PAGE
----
The hotel and travel research that should be on your radar

Because there are many facets to the hotel industry, there is always a great need to gather and disseminate information so that hoteliers can understand how to strategize and capitalize. Hotel Management has compiled some of the most current research that should be on hoteliers’ radars. Here’s what you need to know for your next strategy session.

1. Family Travel on the Rise

Family travel is expected to increase at a compound annual growth rate of 4.6 percent from 300 million trips in 2017 to 376 million in 2022, according to GlobalData’s “Key Trends in Family Travel” report. Family travel accounts for 30.8 percent of outbound tourism and is largely driven by Chinese travelers.

“As disposable income grows and emerging markets open their borders, we will see trends like multigenerational travel drive trips forward, particularly from hugely valuable source markets like China, and this represents a massive opportunity for the industry if it is able to tap into the specific needs of this complex cohort,” said Sara Grady, head of travel and tourism for GlobalData.

Related Story: What business travelers want from your hotel

The research indicates that in order for hoteliers to capitalize on this demand, they need to understand what this group of travelers wants today and how to cater to them. For instance, the cohort comprises many different age groups, but overall these consumers are accustomed to tailored products and services, transformational activities and seamless technology.

“Family travel is moving beyond the traditional sun and beach getaway to offer families some much-needed time to reconnect with each other and create lasting memories, increasingly in unique destinations or on niche holidays, from cultural trips to activity-filled adventures,” Grady said. “It has never been so essential to offer travelers something beyond the norm to stand out from the crowd and that caters to their specific demands, irrespective of where they are from.”

2. Responding to Online Reviews Could Be Harmful

Researchers from the Yale School of Management, the National Bureau of Economic Research, the Hebrew University of Jerusalem and the Marshall School of Business at the University of Southern California studied online reviews of hotels and analyzed and data from TripAdvisor, Expedia and They found that responses from management were likely to stimulate more reviewing activity.

In comparison to reviews for products where consumers were trying to influence an audience of other consumers, reviewers for hotels were more likely to impact the manager and not just other consumers, according to the report, “Channels of Impact: User Reviews When Quality is Dynamic and Managers Respond.”

Related Story: Why hoteliers can’t ignore TripAdvisor

In working to understand the consumer profile of those who engage in online reviewing, particularly in response to managerial posts, researchers said that having the ability to influence the manager could be a major factor. That means when managers respond to reviews online, it is seen by reviewers as being impactful and that there is a chance it could beget more negative reviews because of this.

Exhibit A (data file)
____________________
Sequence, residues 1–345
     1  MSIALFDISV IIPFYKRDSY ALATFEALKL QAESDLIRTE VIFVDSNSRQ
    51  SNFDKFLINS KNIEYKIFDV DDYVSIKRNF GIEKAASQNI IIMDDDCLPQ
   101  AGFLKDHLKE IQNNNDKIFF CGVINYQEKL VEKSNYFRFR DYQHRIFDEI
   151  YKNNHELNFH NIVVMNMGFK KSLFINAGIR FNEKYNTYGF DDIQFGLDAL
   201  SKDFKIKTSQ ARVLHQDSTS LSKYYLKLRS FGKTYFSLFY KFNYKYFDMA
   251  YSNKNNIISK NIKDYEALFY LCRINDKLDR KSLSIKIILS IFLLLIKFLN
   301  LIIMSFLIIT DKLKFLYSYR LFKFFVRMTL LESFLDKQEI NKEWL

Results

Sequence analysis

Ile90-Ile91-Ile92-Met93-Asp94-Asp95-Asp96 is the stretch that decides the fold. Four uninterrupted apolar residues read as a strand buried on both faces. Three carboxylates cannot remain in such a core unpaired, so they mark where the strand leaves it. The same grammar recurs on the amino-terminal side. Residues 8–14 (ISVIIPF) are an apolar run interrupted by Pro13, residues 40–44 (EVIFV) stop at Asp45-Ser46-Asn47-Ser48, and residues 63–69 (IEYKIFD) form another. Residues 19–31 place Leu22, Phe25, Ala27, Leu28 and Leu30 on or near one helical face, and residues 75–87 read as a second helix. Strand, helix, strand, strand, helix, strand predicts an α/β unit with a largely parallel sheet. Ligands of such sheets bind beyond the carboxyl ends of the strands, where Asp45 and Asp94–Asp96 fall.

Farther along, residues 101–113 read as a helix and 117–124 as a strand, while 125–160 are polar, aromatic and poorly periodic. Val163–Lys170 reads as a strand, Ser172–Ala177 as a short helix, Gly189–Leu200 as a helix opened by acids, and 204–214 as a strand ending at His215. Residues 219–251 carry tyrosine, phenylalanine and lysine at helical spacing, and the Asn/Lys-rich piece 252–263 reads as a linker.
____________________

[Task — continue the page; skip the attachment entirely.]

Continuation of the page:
3. U.S. Identified as a Travel and Tourism Powerhouse

The United States ranks No. 2 in the World Travel & Tourism Council’s Power ranking, which assesses countries whose travel and tourism have grown the most in absolute terms over the past seven years. The U.S. scores just behind China and just ahead of India.

The scoring is outlined in the the group's “Travel & Tourism Power and Performance Report,” which studied the performance of 185 countries, combining four factors: contribution of travel and tourism to gross domestic product, international visitor spend, domestic tourism spend and capital investment in tourism.

Related Story: This is what a downturn could look like next year

Meanwhile, in 2017, the U.S. ranked as the world’s largest travel-and-tourism market based on the sector’s total contribution to GDP, with China coming in second place. The U.S. contributed $1.5 trillion to GDP, and China contributed $1.3 trillion.

4. Finding the Right Talent

When it comes to hiring employees in the hotel industry, a new survey from Strategic Solution Partners found that it’s all about finding the right talent—and quickly. And that can be tricky in an industry known for its labor issues and concerns.

For example, the research discovered that it’s taking longer to find senior hospitality talent. In 2013, 50 percent of hoteliers spent three to four weeks to find a senior candidate for a permanent position. By 2018, 55 percent of those hoteliers have to spend more than four weeks on the search.

Related Story: To drive revenue, shift the hotel front-desk mindset

As a result, hoteliers are looking to task force consultants to fill senior positions. In 2013, 50 percent of hoteliers did not consider using a task force. However, in 2018, 72 percent of them regularly use task-force consultants in their senior executive hiring plans. Given the current climate, it seems like hoteliers are using agencies as a new way to find the right people. Forty-six percent of them refer to agencies for short-term hires only, while 31 percent use them for permanent and contractor positions. Meanwhile, 8 percent of hoteliers use selection agencies for permanent positions only.